France fines Google 500 million for copyright infringements

The competition authority ordered the US giant to make an offer of remuneration to publishers and press agencies for the use of their content
AFP/TOBIAS SCHWARZ  -   Logotipo de la empresa estadounidense de búsqueda en internet Google

AFP/TOBIAS SCHWARZ  -   Logo of the US internet search company Google

This is the third reversal that Google has received in France in recent months in the form of a fine of millions of euros. On 6 June, the Competition Authority fined Google €220 million for abuse of its dominant position in the online advertising market. This penalty was the result of a negotiation with Google, which accepted the charges and made a series of commitments in its advertising policy.

Now, the French competition authority has imposed a fine of more than €500 million on the American internet giant for abusing its dominant position and harming its competitors in the online advertising market by failing to negotiate in good faith compensation for the media for the use of its news content, as required by a national law.

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This 2019 law obliged internet platforms to negotiate in good faith with media outlets for compensation for the use of their news content in their search engines, protected by so-called neighbouring rights. However, the Competition Authority found after an in-depth investigation that Google "has not respected several legal requirements formulated in April 2020", according to Afp. 

The dispute between Google and French press publishers is over the royalties that the US company must pay for content (excerpts of articles, photos, videos, infographics) that appear on search results pages when the internet user performs a search.

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Google was initially reluctant to these "copyright-related rights" and tried to force publishers to give it the right to use their content free of charge. The search engine felt that publishers already charged enough for the traffic it generated to their websites. Faced with Google's refusal to negotiate remuneration, press publishers and news agencies, such as Agence France-Presse (AFP), appealed to the Competition Authority at the end of 2019 for "abuse of dominant position".

The agency also ordered Google to make an offer of remuneration to publishers and press agencies for the use of its protected content, under threat of having to pay 900,000 euros for each day of delay. "This is the highest fine" imposed by the French competition authority for not respecting one of its decisions, said competition authority chairwoman Isabelle De Silva.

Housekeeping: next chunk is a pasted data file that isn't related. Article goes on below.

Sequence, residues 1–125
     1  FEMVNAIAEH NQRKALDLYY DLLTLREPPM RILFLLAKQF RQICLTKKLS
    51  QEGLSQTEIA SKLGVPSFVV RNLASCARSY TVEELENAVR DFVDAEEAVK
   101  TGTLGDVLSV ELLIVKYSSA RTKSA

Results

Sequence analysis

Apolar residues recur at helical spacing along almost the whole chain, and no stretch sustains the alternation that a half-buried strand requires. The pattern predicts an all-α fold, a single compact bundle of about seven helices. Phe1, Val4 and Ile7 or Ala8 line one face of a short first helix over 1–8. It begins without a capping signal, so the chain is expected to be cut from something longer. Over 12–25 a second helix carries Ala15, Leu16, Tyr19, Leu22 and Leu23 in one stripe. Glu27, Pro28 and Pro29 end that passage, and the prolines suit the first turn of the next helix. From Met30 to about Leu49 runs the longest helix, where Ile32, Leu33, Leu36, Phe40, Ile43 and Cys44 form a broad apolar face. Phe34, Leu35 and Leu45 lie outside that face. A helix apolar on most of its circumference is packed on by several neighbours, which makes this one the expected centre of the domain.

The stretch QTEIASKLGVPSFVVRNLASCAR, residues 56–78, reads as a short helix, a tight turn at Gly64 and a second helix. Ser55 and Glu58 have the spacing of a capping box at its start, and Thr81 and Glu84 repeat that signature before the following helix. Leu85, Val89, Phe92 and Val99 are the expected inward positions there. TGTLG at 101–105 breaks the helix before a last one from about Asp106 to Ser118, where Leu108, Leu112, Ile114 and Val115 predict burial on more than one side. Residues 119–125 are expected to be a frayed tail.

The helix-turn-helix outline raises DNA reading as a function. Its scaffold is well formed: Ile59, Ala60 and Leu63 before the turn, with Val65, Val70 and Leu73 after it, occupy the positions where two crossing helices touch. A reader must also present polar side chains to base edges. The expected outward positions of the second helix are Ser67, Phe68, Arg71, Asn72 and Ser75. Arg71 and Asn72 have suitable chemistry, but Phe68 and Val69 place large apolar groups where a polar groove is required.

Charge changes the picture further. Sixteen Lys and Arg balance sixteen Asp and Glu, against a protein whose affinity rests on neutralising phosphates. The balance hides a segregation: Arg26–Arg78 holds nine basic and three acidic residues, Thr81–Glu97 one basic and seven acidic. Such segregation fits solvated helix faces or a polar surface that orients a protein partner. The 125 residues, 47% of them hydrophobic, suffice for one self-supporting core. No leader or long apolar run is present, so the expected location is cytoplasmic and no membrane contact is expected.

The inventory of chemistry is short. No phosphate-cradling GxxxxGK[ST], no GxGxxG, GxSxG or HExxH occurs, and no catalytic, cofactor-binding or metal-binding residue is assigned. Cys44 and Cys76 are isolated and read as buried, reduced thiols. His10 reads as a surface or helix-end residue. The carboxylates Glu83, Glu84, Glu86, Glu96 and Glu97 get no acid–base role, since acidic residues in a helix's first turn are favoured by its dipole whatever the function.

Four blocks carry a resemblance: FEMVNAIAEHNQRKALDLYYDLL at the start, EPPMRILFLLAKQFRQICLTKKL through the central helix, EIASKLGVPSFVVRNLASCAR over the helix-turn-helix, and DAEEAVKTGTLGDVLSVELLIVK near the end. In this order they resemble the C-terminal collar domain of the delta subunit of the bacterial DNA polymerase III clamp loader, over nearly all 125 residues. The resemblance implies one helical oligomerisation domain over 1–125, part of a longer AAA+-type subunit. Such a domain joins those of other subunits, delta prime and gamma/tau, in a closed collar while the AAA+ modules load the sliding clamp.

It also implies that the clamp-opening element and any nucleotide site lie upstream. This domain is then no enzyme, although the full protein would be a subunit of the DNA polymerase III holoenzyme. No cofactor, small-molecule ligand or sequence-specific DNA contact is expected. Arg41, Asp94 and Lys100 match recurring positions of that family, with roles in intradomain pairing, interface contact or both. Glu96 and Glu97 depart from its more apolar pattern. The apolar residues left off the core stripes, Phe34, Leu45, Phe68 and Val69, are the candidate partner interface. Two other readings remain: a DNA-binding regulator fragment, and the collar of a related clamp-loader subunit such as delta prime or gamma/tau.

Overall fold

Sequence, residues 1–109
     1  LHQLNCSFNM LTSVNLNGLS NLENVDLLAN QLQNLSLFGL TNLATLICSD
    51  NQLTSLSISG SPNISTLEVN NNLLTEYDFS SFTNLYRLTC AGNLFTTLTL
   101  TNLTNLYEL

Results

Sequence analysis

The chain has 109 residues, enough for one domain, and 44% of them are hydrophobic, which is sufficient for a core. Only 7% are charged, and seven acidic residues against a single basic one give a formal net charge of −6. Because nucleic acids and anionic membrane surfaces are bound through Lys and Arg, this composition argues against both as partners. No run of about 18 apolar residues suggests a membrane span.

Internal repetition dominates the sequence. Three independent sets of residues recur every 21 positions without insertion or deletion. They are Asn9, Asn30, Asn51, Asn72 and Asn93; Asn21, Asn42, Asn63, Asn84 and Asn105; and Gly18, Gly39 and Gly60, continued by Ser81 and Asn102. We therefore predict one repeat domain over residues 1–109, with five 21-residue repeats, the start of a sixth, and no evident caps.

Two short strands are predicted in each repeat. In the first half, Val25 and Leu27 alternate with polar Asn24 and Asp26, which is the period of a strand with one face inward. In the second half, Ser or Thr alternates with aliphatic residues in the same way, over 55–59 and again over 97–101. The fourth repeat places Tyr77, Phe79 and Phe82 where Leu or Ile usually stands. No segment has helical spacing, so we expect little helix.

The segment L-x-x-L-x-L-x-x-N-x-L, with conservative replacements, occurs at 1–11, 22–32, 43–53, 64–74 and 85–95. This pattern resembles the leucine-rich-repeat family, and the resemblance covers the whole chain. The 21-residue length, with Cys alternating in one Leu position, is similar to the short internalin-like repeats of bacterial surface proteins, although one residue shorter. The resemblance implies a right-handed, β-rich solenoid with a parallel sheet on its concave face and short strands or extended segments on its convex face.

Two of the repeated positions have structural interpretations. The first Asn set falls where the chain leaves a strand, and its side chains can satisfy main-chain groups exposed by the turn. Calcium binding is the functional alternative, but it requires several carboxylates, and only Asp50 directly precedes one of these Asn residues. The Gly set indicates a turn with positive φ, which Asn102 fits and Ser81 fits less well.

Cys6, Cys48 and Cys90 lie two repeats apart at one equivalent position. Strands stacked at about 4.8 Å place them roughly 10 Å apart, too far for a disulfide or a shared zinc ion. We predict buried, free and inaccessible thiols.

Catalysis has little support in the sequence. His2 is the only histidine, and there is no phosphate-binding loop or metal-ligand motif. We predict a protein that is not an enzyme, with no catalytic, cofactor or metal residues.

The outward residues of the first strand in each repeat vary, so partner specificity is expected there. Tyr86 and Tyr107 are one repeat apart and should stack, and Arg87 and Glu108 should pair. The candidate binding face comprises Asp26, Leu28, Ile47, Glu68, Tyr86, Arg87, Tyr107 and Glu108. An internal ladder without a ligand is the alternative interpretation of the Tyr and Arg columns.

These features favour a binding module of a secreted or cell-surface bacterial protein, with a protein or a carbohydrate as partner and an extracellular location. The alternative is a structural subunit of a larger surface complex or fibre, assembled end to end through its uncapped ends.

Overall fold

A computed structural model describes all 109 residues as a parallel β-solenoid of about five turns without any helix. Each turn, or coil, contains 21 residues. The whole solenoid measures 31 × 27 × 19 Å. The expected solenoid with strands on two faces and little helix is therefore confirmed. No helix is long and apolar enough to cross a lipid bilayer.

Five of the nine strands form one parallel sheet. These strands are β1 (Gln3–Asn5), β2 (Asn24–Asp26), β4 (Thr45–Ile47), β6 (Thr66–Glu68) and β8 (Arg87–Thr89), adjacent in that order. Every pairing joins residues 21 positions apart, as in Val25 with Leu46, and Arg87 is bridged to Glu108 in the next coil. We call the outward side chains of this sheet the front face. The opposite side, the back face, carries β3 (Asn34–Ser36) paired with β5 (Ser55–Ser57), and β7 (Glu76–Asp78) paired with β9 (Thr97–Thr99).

According to De Silva, her agency has been very active in responding to the technological challenges and in deciphering the tools that make it possible to establish a de facto dominant position. To do so, they recruited specialised engineers. This allowed them to discuss "as equals" with Google, forcing them to accept the fine and a change of attitude.

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Moreover, the Silicon Valley giant's negotiation with publishers and news agencies "cannot be considered to have been conducted in good faith", according to Efe, as Google imposed on them to be part of a programme called Publisher Curated News, with a specific service called Showcase. In doing so, it adds, Google "refused, as requested on several occasions, to have a specific discussion on the remuneration due for the current use of content protected by related rights".

Last December, France's Commission Nationale de l'Informatique et des Libertés (CNIL) fined Google another €100 million and Amazon €35 million for its policies on cookies, which are placed on users' computers for advertising purposes.

The French authorities are very pleased that this is another victory for their philosophy of dealing with globalisation. This has been a huge news story in France, an economic and political triumph of the first magnitude.